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How to Respond to Bad Behaviour on Social Sites

Social media marketing is a very popular online marketing tool at the moment, since Facebook and Twitter burst onto the scenes marketers have been trying to work it into their communications.

To start with it was very much a case of ‘just do social media’, with not a huge amount of planning, strategy or measurement going on. As is always the case with the latest marketing technique, it can be a dangerous road to go down if you’ve not prepared yourself properly.

There have been some very high profile cases of big brands getting it very wrong on social media…

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A Ryanair employee engaged in some awful  comments on a blog that someone had written about how to book a flight with them and not pay for it. Instead of professionally pointing out the error in his ways, the Ryanair representative branded him an idiot and a liar. What made it worse was that when a more senior Ryanair representative confirmed what had happened he released a statement that referred to lunatic bloggers. Not the best PR the brand had ever received.

Dominos Pizza had problems when one of their employees put videos on Youtube showing the mischief he got up to when making pizzas. One video showed him putting food up his nose and then onto a pizza. Yes employees really do things like that on social sites. Thankfully Dominoes responded much better and the CEO released an apologetic video saying it was an isolated incident and the brand have been using Twitter to thank those who write positive comments about them.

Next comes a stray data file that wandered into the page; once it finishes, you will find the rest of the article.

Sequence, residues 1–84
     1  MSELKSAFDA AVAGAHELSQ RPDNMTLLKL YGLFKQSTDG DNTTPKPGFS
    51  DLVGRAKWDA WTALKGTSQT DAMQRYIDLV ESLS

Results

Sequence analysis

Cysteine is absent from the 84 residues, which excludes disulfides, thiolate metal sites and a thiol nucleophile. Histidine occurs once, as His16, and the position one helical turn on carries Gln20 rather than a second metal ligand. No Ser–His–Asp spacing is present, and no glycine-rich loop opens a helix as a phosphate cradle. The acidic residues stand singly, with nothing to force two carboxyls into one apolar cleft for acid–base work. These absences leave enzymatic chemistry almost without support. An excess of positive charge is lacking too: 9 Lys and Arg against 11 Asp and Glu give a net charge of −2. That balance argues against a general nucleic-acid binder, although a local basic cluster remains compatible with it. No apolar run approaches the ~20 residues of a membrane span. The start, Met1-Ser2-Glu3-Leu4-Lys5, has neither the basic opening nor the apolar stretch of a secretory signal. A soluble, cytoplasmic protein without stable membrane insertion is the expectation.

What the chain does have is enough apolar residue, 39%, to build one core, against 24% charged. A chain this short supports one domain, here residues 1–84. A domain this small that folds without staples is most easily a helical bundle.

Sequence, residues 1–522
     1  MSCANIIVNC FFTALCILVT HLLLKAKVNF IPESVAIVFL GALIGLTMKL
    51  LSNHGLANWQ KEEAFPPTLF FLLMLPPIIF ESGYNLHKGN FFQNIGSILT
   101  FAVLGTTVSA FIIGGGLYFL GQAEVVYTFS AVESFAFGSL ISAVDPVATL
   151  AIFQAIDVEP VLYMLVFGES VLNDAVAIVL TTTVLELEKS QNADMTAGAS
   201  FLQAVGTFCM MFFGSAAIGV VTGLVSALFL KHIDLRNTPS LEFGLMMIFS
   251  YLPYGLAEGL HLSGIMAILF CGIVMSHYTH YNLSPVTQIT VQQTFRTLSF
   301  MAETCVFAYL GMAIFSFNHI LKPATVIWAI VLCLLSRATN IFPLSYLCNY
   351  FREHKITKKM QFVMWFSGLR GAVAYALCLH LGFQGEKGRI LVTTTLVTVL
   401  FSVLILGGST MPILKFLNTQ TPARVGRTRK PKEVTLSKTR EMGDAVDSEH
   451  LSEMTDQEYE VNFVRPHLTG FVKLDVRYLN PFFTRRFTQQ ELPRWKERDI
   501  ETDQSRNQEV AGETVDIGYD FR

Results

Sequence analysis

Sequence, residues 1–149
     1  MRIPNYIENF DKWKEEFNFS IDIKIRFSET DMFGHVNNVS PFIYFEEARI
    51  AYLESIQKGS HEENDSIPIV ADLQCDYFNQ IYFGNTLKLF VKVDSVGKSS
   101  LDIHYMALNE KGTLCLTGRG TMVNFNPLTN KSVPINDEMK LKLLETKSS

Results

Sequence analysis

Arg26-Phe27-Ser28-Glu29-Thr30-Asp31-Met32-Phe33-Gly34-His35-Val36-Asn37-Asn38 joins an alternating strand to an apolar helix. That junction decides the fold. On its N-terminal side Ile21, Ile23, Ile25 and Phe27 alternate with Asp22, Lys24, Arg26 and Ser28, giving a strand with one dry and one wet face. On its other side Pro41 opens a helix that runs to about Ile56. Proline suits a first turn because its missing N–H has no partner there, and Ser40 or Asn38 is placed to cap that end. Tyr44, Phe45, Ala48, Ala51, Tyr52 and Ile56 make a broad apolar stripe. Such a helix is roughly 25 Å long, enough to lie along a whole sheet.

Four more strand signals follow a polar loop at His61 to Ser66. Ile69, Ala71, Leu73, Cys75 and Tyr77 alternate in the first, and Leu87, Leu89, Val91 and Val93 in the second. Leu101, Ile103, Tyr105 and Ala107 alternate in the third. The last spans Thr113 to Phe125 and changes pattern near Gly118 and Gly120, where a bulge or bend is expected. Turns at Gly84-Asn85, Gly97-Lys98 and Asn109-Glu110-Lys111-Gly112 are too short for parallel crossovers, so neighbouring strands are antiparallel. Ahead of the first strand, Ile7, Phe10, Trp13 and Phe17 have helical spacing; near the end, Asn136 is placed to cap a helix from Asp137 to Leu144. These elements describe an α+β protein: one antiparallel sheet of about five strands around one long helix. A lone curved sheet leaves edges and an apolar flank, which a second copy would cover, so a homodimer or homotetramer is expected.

It’s a tough line when a company needs to issued guidelines to their staff about the correct way to behave on social sites but if done properly it can save some egg in the face of both.

  • Make sure that it’s clear the guidelines are to protect the employee aswell as the company
  • Rules should apply to those who are in any way linked to the brand, whether that’s through profile or what they disclose in social conversations
  • If you want to keep it simple then ask that employees don’t post negative or unsavoury comments against the company, their prospects, competitors or clients
  • Show examples of where it’s gone horribly wrong for a bad posting employee
  • Show examples of good posting and who does it well
  • Remind employees that there is no way to delete bad posting from their account, once it’s out there, the world will see it

Of course you can always turn a negative social experience on its head – people are looking to the brand and their response in these situations. Don’t stick your head in the sand, don’t say anything inflammatory regardless of what you think and don’t just try to delete it and hope it goes away. Someone somewhere saw it and can spread it again like wildfire.

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